Wednesday, November 25, 2009

Capital spending still modest

New orders for capital goods, the "seed corn" for future productivity gains, fell in October, and so far they are up only modestly (5.5%) from their low of earlier this year. It would appear that businesses are not in a rush to invest their rising profits. The improvement to date doesn't seem significantly different from what happened following the 2001 recession, and that recovery was notorious for being a "jobless" recovery that took several years to get off the ground. Policies out of Washington are not helping the situation, as businesses contemplate the impact of rising taxes and a more burdensome regulatory environment.

Indeed, if we compare capital spending and corporate profits, we see a glaring disconnect. Corporate profits have increased 75% since the end of 2001, but capital spending has increased only 9% over the same period. This is speculation, but it might be the case that much of the unspent profits have ended up being invested in Treasury bills and bonds, lent to the government to fund transfer payments and make-work projects, instead of being invested in new plants and equipment.

The lack of business investment, and the dearth of policies designed to encourage new investment, are the main factors driving bleak forecasts of economic growth.


Bill said...


Does this report lead you to conclude that the recovery will be more of a U than a V? I also saw one analysis that suggests that the decline in non-residential construction spending could also be driving the slow capital spending.

Scott Grannis said...

I still think this will be a V recovery. It's already a V, given the significant improvement in so many areas. I think we'll see growth of 3-4% on average. If this were a normal recovery following such a deep recession, we would see growth of 5-6%. 3-4% will actually amount to a very modest recovery.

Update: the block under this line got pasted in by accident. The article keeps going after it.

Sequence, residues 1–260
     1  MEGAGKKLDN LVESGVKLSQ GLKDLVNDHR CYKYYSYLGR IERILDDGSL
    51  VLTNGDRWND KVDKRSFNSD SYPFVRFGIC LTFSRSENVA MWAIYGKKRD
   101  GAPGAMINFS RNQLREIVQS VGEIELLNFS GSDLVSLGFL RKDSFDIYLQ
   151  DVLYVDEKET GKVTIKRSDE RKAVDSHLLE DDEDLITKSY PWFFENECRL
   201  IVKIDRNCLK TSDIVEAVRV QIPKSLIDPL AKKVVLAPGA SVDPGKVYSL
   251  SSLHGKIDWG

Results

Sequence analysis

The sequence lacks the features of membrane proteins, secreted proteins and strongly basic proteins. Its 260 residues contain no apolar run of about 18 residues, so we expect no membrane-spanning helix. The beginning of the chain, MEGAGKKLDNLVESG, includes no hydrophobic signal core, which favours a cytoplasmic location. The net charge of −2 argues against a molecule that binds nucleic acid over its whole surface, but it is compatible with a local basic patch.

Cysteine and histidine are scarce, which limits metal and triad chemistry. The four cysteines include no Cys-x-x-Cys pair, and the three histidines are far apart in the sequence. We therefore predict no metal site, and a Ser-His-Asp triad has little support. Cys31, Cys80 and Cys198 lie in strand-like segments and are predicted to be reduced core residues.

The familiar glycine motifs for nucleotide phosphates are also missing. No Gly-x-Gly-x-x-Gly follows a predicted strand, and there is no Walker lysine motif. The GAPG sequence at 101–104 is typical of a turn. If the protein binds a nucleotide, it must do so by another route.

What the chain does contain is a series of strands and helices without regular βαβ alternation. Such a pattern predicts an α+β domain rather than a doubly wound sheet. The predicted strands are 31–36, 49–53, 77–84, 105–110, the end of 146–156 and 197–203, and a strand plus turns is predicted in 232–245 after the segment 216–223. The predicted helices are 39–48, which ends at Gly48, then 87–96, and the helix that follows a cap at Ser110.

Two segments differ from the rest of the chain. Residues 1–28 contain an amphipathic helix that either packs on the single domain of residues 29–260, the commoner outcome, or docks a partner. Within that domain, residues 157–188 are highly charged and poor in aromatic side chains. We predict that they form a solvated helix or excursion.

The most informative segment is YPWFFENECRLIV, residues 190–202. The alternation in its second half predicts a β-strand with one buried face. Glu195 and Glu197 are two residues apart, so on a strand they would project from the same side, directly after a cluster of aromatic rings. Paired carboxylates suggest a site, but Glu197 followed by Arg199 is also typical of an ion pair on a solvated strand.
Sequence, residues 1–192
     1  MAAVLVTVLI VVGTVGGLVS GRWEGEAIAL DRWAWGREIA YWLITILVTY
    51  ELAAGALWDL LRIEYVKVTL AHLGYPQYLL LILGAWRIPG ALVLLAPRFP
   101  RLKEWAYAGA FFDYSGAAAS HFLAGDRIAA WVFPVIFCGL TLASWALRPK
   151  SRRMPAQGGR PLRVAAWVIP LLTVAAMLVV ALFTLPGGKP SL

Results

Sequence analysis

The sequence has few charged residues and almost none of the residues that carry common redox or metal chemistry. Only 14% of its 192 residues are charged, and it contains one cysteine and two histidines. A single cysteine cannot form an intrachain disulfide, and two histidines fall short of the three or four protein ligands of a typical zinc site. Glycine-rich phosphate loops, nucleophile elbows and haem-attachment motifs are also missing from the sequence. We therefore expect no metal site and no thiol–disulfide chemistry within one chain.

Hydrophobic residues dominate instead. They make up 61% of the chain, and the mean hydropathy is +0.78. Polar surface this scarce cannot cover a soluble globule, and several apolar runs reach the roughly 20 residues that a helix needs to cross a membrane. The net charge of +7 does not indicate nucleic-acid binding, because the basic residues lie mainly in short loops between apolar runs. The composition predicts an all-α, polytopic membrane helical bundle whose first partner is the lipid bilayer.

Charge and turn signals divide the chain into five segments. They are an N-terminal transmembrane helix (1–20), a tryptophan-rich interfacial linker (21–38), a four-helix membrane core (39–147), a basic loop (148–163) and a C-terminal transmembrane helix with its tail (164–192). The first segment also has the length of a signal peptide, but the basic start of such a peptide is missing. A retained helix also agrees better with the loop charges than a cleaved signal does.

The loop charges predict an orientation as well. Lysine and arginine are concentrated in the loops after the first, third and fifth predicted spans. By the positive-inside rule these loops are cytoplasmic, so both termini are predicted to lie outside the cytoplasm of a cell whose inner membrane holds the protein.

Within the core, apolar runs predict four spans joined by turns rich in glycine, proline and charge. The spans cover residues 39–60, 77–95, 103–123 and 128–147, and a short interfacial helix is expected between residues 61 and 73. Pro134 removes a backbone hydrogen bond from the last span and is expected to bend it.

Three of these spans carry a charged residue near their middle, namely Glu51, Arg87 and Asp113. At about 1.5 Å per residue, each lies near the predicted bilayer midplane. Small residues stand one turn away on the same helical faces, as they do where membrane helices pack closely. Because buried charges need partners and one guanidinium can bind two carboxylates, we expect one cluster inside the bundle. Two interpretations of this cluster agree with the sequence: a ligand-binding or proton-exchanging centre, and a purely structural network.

Bill said...

Thanks so much for your reports. You are a great antidote to the drumbeat of bad economic news. Have a happy Thanksgiving.

Scott Grannis said...

Thanks, and may everyone enjoy a pleasant Thanksgiving holiday.

Benjamin Cole said...

I wish the pendulum was truly swinging to the right.

In fact, the R-Party is deeply enmeshed into a wide-ranging system of subsidies and market distortions.

$8 billion for rural telephone subsidies--much larger than the clunkers program. Except the clunkers program was sunsetted. Rural telephone subsidies are forever. That is one example.

More than $50 billion a year in farm subs.

An energy program that is based on corn ethanol--another farm subsidy in drag.

The incredible ossified lard, patronage that has become our military, now an exceedingly expensive mercenary force.

Here is a truly daunting fact: More than one-half of federal income taxes are eaten up by the Department of Defense, Homeland Security, the Department of Agriculture, the VA, and something called "civilian defense." Check it out. Those are all "right-wing" programs (not really, but what passes for the right-wing today).

Remember, the huge entitlement programs, Social Security and Medicare are financed by payroll taxes. The aforementioned programs are largely financed by income taxes on individuals and corporations.

Remember--federal spending flows into rural states and districts, from urban areas. Who reps rural areas? Check out Tax Foundations charts on spending and federal taxes by state. Red states are freeloading on blue, urbanized states.

Did not anyone ever wonder why during the years of R-Party supremacy, 2000-2006, with R-Party control of House, Senate, White House, and Supreme Court, we had huge flows of red ink?

That Reagan, Bush and Bush all proposed federal budgets with huge red ink?

That no Republican ever asks, "Why does it cost $1 million a year per US soldier on the ground--not even counting gigantic overhead back in the states?"

Ron Paul seems a little strange--until one really looks at federal spending and subsidies, and our endless foreign entanglements.

The R-Party will never balance the budget. Never. They are deeply married to huge and wasteful federal spending for military and rural programs. They bring home the bacon to their constituents.

That said, I see a global recovery on the way too. Led by Asia, Europe follows.

The future is in China. They do not suffer a huge parasitic military, nor subsidize weakling, knock-kneed rural economies. They will rush right past us.

Vote for Ron Paul--I am not a libertarian, but if you think the R-Party stands for any sort of sound economic principles...

Benjamin Cole said...

BTW, before I got carried away, I wanted to say this looks like a very nice blog, deeply insightful....

Scott Grannis said...

Benjamin: I'm a libertarian and I am very disappointed with the Republicans. But at this point they appear to represent the only hope for a return to some sort of fiscal discipline.